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Title: Durability and stability improvement of Pinus pinaster wood by furfurylation
Authors: Esteves, B.
Ribeiro Nunes, L. M.
Pereira, H.
Keywords: Dimensional stability;Durability;Equilibrium moisture content;Furfurylation;Pinus pinaster;Wood modification
Issue Date: Sep-2010
Publisher: Universidade Fernando Pessoa
Series/Report no.: comunicação;
Abstract: Wood preservation has become increasingly important in the last years due to the scarcity of high quality wood since wood preservation can enhance wood life time, and improve some of its properties. However the use of toxic chemicals has been a major concern. Wood modification is an ecological way to improve mainly dimensional stability and durability of wood without harmful chemicals. Several wood modification processes have emerged in the last few years, the most important being thermal, chemical, surface and im¬pregnation modification. Furfurylation is considered the most important impregnation process with promis¬ing perspectives, since furfuryl alcohol can be obtained from secondary products of bioethanol production, and its price shows a tendency to lower in a near future. Sapwood pine boards [Pinus pinaster Aiton) were treated with a furfuryl alcohol mixture [FA 70 mix] at Kebony [Norway). The treatment was carried out in an autoclave with a vacuum and pressure stage and subsequently cured and dried in a vacuum drying kiln. Equilibrium moisture content, radial, tangential and volumetric dimensional stability measured as anti-shrinking efficiency between 35% and 85% relative hu¬midity [ASE35-85], and durability to brown rot [Postia placenta] and wet rot fungus [Coniophora puteana] were determined. Equilibrium moisture content [EMC] of furfurylated pinewood decreased from 9% to 5% [at 35% relative hu¬midity] and from 17% to 9% [at 85%], corresponding respectively to 43% and 48% improvement in relation to untreated wood. Dimensional stability improved for furfurylated wood with radial, tangential and volumetric ASE35-85 of 26.1 %,46.7% and 46.4%, respectively. Mass loss due to wood decay decreased from 29.2% to 1.1 % for brown rot [Postia placenta] and from 5.7 % to 0.8% for wet rot [Coniophora puteana).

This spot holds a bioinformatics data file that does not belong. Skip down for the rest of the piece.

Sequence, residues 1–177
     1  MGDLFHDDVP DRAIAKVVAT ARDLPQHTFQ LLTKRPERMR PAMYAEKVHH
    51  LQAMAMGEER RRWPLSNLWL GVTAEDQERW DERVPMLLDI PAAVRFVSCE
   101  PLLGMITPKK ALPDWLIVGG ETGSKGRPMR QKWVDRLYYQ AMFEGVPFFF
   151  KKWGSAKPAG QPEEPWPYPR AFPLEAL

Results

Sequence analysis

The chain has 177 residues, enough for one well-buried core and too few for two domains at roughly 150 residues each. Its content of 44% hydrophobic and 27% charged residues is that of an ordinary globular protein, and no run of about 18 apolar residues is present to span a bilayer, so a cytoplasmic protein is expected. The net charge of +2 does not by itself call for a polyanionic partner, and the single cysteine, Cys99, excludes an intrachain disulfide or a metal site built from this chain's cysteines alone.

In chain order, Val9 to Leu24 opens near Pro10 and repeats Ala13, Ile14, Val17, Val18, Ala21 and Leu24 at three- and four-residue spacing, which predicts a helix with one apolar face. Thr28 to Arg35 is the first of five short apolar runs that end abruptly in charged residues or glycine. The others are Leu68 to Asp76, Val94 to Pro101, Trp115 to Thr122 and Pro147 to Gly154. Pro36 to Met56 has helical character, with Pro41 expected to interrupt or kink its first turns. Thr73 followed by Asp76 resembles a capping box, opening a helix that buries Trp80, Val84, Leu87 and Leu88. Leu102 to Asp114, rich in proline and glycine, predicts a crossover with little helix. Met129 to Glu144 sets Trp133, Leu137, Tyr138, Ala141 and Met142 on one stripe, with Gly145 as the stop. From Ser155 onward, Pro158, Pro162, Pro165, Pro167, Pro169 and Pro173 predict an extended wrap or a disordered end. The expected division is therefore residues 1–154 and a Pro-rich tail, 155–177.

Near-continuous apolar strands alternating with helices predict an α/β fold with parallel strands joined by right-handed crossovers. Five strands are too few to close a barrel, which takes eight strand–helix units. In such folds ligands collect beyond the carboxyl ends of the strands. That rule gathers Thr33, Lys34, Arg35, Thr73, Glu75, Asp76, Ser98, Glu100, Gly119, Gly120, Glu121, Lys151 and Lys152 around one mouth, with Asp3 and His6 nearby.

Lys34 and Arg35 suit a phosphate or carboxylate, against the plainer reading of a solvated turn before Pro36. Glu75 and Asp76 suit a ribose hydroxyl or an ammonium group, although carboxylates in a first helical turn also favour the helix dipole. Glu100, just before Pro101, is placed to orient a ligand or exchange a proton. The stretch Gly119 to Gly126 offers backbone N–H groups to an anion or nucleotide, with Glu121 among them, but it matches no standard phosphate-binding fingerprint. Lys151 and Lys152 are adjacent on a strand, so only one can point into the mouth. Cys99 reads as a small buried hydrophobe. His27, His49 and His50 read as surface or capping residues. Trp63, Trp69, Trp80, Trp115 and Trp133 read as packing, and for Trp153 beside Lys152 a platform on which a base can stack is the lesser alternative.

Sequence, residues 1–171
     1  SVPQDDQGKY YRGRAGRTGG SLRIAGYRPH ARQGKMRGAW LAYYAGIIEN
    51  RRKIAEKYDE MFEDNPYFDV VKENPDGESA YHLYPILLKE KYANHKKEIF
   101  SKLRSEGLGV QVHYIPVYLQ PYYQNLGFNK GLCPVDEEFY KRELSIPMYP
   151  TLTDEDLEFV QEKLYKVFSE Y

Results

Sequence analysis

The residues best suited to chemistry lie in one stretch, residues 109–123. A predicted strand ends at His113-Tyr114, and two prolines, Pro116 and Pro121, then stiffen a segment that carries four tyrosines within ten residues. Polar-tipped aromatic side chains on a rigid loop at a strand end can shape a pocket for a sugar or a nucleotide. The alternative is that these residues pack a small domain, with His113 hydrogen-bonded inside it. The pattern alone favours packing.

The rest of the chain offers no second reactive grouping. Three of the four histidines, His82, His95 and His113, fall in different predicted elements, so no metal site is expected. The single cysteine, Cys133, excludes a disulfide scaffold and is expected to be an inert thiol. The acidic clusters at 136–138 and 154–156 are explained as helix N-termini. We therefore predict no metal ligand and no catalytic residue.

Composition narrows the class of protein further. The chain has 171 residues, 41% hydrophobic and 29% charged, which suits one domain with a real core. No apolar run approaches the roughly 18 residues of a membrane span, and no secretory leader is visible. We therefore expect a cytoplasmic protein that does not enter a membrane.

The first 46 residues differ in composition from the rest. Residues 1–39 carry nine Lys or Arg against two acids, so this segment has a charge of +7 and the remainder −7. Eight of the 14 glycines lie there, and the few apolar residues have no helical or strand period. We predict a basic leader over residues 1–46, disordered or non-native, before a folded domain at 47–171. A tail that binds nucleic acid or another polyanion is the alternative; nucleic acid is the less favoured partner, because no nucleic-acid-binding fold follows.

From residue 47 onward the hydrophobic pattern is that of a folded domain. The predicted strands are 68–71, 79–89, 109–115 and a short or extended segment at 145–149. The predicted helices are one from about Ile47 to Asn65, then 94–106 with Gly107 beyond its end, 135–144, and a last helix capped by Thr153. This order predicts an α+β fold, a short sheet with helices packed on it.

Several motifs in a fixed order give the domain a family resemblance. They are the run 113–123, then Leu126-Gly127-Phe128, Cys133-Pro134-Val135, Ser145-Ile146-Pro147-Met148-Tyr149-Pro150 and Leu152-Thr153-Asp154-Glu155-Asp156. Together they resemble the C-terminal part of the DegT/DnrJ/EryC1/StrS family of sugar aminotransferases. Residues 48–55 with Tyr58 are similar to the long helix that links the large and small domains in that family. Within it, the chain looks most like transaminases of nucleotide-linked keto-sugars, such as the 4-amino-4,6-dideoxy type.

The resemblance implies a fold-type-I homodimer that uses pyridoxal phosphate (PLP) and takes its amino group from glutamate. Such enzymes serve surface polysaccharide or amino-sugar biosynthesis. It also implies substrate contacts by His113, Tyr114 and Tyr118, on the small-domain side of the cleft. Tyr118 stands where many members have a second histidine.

Appears in Collections:DE/NCE - Comunicações a congressos e artigos de revista

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